On the other hand, waves with high steepness can cause all kinds of problems. High steepness often means rapid changes in buoyancy, drag, and wave excitation. These can mean large accelerations and forces in a floating system. If there are large forces, it can mean significant stresses in the hull or mooring system and the risk of structural failures.

Wave steepness can act as a filter

When there are so many sea states to consider for a specific project, it’s helpful to pinpoint conditions that may cause a problem in the design. You can save a lot of time in the design phase by considering the harshest sea states first – because the mooring will surely survive more benign conditions. The sea states with the steepest waves are likely to be the most problematic conditions. In this way, considering steepness then acts as a filtering mechanism. You can spend less time looking through a wide range of conditions that are possible and zero in on what specific sea states may drive your mooring design.

Checking wave steepness is also important because you might miss the worst-case scenario. It’s definitely a mistake to zero in on the maximum wave height without checking wave steepness. Often, sea states with the maximum wave height can cause the biggest loads in a mooring system. But this is not always the case.

It’s possible at a certain location that the maximum wave steepness comes up in lower wave heights that happen to have much shorter wavelengths. Without considering steepness, you might miss this by initially zeroing in on only the maximum wave height.

You also need to be thorough when looking at wave steepness. Remember that wave steepness changes with both wave height and wavelength. Beware that there may be more than one set of sea state conditions that give large wave steepness depending on the wave climate at a specific location.

But wave steepness is not a perfect filter

Remember that wave steepness is a ratio – and a ratio that may mislead you in some cases. For example, you may have relatively small wave heights from wind chop – but if the wavelengths are small too, it might result in a large wave steepness. But most often, wave chop isn’t going to drive a mooring design. In this way, it still makes sense to do a reality check on the absolute wave heights along with wave steepness – be sure to check both wave steepness and total wave height together.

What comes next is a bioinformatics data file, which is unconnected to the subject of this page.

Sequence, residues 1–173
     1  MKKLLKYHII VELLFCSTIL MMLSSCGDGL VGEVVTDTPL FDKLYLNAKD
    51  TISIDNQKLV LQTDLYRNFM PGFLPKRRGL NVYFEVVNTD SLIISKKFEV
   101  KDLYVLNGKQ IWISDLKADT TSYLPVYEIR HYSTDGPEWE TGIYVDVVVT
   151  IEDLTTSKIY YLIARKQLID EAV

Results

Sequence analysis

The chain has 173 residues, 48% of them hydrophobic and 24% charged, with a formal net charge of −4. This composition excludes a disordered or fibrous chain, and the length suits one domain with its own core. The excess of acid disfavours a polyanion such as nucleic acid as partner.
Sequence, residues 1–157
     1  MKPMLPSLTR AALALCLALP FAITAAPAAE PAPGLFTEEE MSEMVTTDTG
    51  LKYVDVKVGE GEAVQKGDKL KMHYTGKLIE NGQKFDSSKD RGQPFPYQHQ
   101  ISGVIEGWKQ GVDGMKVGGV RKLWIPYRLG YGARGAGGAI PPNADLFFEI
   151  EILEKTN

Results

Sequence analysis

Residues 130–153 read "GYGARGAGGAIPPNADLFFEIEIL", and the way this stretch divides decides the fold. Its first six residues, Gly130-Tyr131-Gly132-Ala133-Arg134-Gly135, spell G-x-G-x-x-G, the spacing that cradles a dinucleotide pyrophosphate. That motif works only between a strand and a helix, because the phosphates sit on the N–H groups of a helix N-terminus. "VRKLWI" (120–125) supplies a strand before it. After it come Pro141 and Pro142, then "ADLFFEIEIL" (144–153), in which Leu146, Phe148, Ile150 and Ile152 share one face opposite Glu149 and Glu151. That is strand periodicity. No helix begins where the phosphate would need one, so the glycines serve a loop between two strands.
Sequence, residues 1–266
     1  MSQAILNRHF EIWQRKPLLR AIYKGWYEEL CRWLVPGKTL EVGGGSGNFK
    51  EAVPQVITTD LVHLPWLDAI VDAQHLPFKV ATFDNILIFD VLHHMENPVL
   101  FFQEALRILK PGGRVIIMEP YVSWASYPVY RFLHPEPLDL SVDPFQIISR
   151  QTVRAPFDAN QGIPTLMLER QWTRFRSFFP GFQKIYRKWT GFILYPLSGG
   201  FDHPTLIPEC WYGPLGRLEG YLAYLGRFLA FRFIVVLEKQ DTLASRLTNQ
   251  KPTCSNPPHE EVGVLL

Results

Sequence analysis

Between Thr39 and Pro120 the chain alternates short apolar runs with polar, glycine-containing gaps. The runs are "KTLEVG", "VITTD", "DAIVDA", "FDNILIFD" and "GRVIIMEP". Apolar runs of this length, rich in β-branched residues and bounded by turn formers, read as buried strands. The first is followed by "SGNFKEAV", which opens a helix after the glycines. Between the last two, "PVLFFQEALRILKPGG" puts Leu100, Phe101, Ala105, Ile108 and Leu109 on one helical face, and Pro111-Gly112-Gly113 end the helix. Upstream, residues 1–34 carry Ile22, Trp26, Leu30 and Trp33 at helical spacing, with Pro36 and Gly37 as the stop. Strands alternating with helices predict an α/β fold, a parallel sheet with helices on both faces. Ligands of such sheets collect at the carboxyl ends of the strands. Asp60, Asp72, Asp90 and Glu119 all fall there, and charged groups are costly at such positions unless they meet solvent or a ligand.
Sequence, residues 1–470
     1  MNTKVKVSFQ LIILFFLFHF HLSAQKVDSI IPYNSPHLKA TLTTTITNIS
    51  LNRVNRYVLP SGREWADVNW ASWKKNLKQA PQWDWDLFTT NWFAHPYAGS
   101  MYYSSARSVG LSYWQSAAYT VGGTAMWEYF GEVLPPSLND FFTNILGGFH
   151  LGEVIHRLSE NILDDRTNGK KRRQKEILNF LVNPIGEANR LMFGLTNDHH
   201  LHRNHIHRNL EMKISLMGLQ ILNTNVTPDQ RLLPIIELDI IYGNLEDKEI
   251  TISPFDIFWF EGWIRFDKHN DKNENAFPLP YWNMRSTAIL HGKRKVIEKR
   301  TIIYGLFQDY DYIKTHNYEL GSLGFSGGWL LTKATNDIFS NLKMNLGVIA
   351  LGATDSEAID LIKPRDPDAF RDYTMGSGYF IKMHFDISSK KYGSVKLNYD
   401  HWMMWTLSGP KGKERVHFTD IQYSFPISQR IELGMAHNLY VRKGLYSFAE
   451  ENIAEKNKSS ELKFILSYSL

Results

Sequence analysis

Ultimately, you need to check your floating system’s response to environmental conditions. Many floating systems have one or more natural periods of motion – these are conditions in which resonance may be possible. The resulting large motions in resonance (and loads in the moorings) may result from relatively small environmental forces. Environmental conditions that may excite the system in these conditions often need to be carefully considered regardless of the wave steepness in those conditions.

It’s time for an example

The SOFS mooring, deployed and maintained by CSIRO and IMOS, is located in almost 5000m deep water in the southern ocean. This full ocean depth mooring has provided a valuable time-series of measurements for many years at that location. The single largest wave measured there topped 22m. So does this kind of extreme wave height drive the maximum loads in the mooring?

Not necessarily. In all locations in the ocean, there is a wide range of sea states and wave heights. The largest wave heights occur in sea states with a 17m significant wave height and 19 second wave spectrum peak period. But the maximum loads tend to occur in conditions with lower significant wave height, around 10m and 12 second wave spectrum peak period.

A rough estimate of the steepness is possible from the wavelength of a 19 second wave and 12 second deepwater wave and the significant wave height. In the 17m sea, the steepness is only 0.03, while in the 10m sea, the steepness is 0.044.

In this particular case, the larger wave steepness in the 10m sea corresponds with more rapid loading and motions in the mooring, creating larger loads. This is also seen in field measurements and ProteusDS Oceanographic dynamic analysis modelling of the SOFS mooring tension.

SOFS buoy in ocean waves

SOFS buoy riding through ocean waves. Picture credit: Eric Schulz from Australia Bureau of Meteorology / IMOS

In summary

There’s often a range of environmental conditions to consider when designing a floating system and its mooring. Finding a way to narrow down the driving environmental load cases helps save time. Wave steepness, which is the ratio of wave height to wavelength, can help filter down critical load cases. It’s a mistake to assume the maximum wave height will be your worst-case scenario because it isn’t always the steepest wave condition. But steepness alone is not a perfect filtering mechanism, so you still need to do a reality check on the maximum wave height.

At the start of a design project, you may feel like you are a clockwork toy, zinging around aimlessly when digging through mounds of environmental data. But if you consider wave steepness, you may find you can quickly identify crucial sea states to start a mooring design and get to the next step faster.

Next step

We have a few ProteusDS Oceanographic sample moorings on our website. Check out a mooring layout for SOFS in the downloads area here.

Thanks to CSIRO

Thanks to Pete Jansen from CSIRO Marine National Facility / IMOS for sharing technical pointers, sharing data, and helping assess the SOFS mooring system and buoy dynamics.